Thursday, October 30, 2014

Update to the St. Thomas Aquinas parish

I'm in Ames, Iowa for twelve days to connect with the parish and friends, sharing a bit of what the parish of Dulce Nombre de María is doing and a bit of my developing ministry. I'll have about two minutes at the end of each Mass this coming weekend, but here is a more detailed report of what is going on.

First of all, I bring you greetings and thanks for your solidarity from the parish of Dulce Nombre de María. Padre German is extremely grateful and continually reminds the people of the generosity of St. Thomas, our sister parish.

Our parish in Honduras is a struggling parish, as all parishes should be.

The parish embraces 50 towns, villages, and hamlets where Padre German celebrates Mass at least once every two months – often traveling long distances in the parish truck.

In almost every town and village, there are catechists and delegates, those who lead Sunday celebrations of the Word. There are 16 Communion ministers who bring the Eucharist to several communities each week.

The work of  the catechists is long but with results. Since August 2013 there have been more than 2200 baptisms. This year the bishop came out and confirmed more than 500.

There are also base communities in almost every village where people meet every week. One of our challenges is to make these communities more participative.

But there are other challenges. Honduras is the second poorest country in this hemisphere. Our parish is one of the poorest in our diocese. Honduras also lacks an adequate police and judicial system.

There have been major challenges this year. A fungus affected many small coffee farmers who cut down the infected plants and planted a different variety. But they have to wait at least three years for a decent harvest.

A drought has severely affected this years bean crop – and beans are a staple of the Honduran diet.

Recently torrential rains affected several villages in the parish, leaving people  without decent housing.

But in the face of this we continue.

The people evangelize others. In October, many villages had teams of people visiting all the houses to invite people to participate in the life of the church.

The parish received the gift of one manzana (about 1.68 acres) of recently planted coffee. Through a gift from St. Thomas the parish was able to purchase a second manzana next to the donation. Parish volunteers go out about once a month to weed and fertilize the plants. Within two or three years, the coffee harvest from these two manzanas will help make the parish somewhat sustainable. Thanks to St. Thomas.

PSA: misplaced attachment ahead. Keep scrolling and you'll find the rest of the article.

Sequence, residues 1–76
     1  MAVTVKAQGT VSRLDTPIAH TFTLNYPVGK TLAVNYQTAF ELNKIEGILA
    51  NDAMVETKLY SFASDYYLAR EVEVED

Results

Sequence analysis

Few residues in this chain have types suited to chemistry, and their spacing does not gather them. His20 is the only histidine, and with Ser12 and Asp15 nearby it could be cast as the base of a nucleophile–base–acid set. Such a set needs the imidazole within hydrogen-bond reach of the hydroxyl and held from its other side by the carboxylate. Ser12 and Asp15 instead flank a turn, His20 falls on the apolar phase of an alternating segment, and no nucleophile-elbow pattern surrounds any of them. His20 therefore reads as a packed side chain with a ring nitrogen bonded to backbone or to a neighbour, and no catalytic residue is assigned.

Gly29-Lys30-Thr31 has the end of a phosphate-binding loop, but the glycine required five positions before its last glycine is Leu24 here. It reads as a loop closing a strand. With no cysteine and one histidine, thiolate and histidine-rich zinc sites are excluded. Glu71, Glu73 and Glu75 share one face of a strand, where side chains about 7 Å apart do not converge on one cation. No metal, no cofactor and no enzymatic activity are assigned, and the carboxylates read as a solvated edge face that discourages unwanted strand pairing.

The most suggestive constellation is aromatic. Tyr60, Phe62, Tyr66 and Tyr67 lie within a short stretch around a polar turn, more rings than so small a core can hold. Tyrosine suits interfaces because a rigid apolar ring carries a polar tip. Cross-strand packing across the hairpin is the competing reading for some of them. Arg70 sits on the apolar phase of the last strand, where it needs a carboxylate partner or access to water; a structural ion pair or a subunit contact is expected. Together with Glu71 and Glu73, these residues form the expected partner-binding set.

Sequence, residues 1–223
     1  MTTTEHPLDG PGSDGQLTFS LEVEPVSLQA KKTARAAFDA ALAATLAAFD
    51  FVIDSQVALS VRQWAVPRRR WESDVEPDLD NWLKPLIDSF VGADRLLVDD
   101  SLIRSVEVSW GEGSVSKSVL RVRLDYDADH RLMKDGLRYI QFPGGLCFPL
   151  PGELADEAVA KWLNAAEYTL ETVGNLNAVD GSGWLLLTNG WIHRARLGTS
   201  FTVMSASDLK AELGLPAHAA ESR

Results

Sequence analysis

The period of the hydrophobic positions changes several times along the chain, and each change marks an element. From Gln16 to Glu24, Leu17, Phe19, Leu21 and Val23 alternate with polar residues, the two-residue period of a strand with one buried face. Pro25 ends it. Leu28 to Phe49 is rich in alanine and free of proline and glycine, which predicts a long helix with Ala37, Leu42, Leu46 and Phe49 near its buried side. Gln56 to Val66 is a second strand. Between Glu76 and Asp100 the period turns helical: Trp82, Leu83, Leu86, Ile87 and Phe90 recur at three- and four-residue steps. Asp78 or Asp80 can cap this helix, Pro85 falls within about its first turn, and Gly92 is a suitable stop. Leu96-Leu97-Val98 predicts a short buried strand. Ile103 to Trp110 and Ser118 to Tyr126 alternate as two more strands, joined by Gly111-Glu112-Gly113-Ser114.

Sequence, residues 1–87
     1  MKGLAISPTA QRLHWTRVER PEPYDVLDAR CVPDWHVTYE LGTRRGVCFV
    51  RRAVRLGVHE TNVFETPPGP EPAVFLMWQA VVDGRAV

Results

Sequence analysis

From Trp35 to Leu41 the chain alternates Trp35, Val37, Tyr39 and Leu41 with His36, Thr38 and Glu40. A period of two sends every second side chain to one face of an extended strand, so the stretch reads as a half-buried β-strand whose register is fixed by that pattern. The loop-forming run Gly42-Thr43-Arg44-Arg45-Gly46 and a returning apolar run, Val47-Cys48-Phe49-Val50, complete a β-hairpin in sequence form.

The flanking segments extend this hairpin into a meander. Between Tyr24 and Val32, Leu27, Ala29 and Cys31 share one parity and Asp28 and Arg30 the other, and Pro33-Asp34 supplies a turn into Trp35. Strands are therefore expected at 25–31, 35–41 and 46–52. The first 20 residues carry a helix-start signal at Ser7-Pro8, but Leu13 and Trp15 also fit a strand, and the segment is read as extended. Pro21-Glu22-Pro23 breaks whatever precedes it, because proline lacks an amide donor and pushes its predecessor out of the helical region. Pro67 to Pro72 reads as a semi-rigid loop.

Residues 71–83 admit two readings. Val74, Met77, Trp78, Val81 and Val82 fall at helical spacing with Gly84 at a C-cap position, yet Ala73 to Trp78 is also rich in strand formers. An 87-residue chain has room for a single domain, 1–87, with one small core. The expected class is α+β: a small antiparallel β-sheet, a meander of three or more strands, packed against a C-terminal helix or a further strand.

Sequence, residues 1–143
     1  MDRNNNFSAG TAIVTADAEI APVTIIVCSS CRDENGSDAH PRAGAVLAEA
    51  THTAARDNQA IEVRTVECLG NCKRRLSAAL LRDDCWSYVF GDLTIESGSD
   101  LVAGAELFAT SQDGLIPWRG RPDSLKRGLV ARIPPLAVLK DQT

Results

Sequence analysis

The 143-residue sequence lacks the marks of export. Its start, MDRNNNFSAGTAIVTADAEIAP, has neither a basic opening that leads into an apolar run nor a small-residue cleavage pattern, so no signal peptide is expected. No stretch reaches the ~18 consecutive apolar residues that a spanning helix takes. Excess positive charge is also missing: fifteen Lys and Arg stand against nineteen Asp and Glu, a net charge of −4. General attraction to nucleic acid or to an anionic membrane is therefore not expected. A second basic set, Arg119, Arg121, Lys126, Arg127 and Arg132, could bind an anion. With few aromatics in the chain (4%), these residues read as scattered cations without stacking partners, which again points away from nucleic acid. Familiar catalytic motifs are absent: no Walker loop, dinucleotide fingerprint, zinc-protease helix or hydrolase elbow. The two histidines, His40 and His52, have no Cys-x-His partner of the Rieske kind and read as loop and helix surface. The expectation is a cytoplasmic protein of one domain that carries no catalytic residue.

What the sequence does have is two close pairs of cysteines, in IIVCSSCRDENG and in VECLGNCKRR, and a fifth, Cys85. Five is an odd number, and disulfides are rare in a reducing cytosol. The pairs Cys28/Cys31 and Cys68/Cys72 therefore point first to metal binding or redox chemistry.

The alternative education program, Maestro en Casa, offers young people the chance of a middle school education. St. Thomas partial scholarships enable more than 150 to participate in this program and study until the 9th grade. This is important since there are only four regular middle schools and one high school in the confines of the parish.

There are other projects in process.

The parish plans to form base communities of young people (an alternative to youth groups) so that we can help them grow in their faith and continue the faith formation that they received preparing for confirmation.

The parish will continue to train catechists four times a year. We are trying to help these catechists develop programs that help the children and youth grow in faith and also encourage their imaginations.

The parish will also be training new Communion Ministers and will continue formation programs with base communities and with delegates of the Word.

A group in one of the villages is forming a coffee cooperative. Their hope – and mine – is to develop a way for them to directly market coffee to the US, thus getting a better price and avoiding middlemen. They are organized; what is needed is organization from the US side.

A young woman dentist is beginning to work on setting up a small clinic for the parish in the parish to supplement the work of the public health system. This is still a work in the dream and planning stage, but offers another way to directly assist the lives of the people in the parish.

By the end of this year, I hope to be living in a village in the parish to better enable me to work with the people. In this way I will cut my travel costs and have easier access to even the remotest villages of the parish. For this I have built, with my retirement funds, a house which will belong to the church but which I will use to live and also as a place to receive some visitors. This will be a place for some church workers I know to come for a day or more of rest and retreat.

I want to thank the parish for its support of the Dulce Nombre parish and to ask you to continue to be in solidarity with us – in your prayers and in other ways to support our ministries.

Monday, October 27, 2014

A short trip back to Iowa

Leaving Honduras, even for a short visit, is becoming harder every year.

I guess this means I feel at home here.

It does help that I am building a house in the village of Plan Grande, Concepción, Copán. That will enable me to minister much more easily with the people in the parish of Dulce Nombre.

Front of the house - unpainted

Unfinished kitchen area
Upper open area, looking southeast
southwest view from the oratory/study
The house is larger than I thought it would be but I will keep the house open for visitors, as well as a place for friends in Honduras to come for a few days of rest and retreat. I already have one room claimed by a Spanish Franciscan sister and another claimed by a Dubuque Franciscan sister. I will have to keep a calendar for bookings!

I see this as a new opportunity to serve – being more present with the people.

I’m leaving today for Ames, Iowa, to visit with folks at St. Thomas Aquinas Church and Catholic Student Center, the church that sponsored me for several years and that is now a sister parish with Dulce Nombre de María.